I have been working in medical education for many years. I have helped, supervised, guided and examined medical students and doctors through interviews, exams and assessments. Once people have passed the first hurdle and got into medical school, the rules of the game are fairly clear. There is plenty of guidance about what is expected at various stages, how to prepare and what to learn. Medical students and doctors in training also have ready-made support from their colleagues and friends, who are often taking the same exams at the same time and can prepare together.
I have recently become involved in assessing people for entry into medical school. All applicants to medical school are clever, highly motivated, articulate and energetic and have spent months or years preparing – with work experience, personal statements and interview practice. They have spent time talking to parents, doctors, careers advisers and others. Most have also read around the subject.
I was shocked, therefore, at how easy it is for a bright, committed and academically successful young person to put all this work in and then make simple mistakes and fail to be accepted for medical school.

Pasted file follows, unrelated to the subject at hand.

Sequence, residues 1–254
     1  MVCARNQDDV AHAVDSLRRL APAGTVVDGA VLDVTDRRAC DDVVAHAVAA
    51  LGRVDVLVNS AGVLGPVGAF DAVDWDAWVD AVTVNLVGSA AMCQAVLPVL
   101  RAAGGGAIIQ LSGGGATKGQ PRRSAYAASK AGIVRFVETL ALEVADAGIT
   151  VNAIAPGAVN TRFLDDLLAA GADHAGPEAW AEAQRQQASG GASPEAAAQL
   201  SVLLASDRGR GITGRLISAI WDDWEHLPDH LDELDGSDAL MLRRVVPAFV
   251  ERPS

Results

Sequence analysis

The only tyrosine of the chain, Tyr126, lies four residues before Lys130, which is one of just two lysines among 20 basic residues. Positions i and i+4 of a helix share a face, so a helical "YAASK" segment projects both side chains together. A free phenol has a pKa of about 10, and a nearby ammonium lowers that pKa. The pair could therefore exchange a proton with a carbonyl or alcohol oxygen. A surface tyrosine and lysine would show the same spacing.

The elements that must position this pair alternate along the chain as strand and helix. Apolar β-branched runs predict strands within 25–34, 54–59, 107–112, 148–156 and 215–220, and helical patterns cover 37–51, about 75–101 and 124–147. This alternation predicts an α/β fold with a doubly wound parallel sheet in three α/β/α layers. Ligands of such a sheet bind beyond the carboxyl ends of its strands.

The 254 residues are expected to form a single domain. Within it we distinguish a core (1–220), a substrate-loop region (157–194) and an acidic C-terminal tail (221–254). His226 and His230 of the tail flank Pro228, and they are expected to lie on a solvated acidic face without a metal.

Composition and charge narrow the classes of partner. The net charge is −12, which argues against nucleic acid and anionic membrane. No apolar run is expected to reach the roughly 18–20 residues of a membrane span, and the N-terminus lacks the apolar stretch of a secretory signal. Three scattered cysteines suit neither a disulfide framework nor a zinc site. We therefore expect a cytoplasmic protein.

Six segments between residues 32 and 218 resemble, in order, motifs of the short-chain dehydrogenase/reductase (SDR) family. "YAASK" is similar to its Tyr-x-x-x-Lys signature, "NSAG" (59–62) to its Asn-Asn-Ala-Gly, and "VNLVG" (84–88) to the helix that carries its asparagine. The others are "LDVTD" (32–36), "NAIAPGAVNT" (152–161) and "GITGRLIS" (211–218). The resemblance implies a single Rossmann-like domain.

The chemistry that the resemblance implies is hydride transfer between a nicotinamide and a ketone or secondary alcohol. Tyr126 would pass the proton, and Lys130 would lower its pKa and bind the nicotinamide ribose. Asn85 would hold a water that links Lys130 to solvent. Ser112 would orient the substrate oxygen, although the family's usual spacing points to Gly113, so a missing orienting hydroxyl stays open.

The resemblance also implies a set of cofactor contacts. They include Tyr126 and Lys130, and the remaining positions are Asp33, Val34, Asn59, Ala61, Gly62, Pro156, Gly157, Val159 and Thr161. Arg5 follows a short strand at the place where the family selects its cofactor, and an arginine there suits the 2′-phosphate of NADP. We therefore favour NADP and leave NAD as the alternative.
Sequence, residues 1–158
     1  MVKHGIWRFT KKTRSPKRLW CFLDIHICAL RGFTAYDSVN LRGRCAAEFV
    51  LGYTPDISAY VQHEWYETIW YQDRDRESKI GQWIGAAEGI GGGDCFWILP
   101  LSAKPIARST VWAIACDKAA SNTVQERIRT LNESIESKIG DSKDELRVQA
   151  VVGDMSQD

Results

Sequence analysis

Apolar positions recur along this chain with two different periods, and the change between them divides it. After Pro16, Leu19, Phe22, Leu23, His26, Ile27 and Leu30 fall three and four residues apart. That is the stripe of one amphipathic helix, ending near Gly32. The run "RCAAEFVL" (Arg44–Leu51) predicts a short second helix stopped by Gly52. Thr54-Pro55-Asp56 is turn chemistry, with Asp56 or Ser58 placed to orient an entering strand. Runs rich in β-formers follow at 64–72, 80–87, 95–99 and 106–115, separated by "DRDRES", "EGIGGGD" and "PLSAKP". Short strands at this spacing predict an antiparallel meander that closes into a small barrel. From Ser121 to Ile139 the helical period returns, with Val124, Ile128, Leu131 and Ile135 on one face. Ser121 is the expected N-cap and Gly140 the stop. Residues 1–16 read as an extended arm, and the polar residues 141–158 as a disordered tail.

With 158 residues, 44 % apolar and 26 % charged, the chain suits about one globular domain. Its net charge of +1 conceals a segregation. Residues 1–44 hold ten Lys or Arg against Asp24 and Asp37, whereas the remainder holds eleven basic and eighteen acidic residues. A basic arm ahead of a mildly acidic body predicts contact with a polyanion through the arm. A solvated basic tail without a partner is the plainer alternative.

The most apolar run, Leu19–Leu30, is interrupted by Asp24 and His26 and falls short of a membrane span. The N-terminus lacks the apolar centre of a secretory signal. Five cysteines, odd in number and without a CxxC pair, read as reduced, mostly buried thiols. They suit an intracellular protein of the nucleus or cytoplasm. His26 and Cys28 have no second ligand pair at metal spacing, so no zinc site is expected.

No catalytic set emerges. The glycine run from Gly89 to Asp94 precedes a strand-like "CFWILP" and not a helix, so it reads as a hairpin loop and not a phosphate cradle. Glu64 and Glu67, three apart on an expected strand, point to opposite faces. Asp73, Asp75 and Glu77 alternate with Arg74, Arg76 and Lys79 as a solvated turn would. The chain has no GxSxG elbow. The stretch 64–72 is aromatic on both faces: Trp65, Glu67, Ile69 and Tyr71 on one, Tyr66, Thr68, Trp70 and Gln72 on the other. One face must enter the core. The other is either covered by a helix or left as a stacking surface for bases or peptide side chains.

I realised that, without good advice, even a potentially brilliant young doctor can easily be filtered out long before an interview for medical school – along with the many thousands of others who apply to medical school every year only to be unsuccessful.
Medicine is challenging, exciting, infuriatingly and ultimately the most rewarding profession. I want to do what I can to help potential medical students to have the best chance to get into medical school. I am delighted that I chose a career in medicine and I want you to have the best advice so that you have the best chance of achieving the same.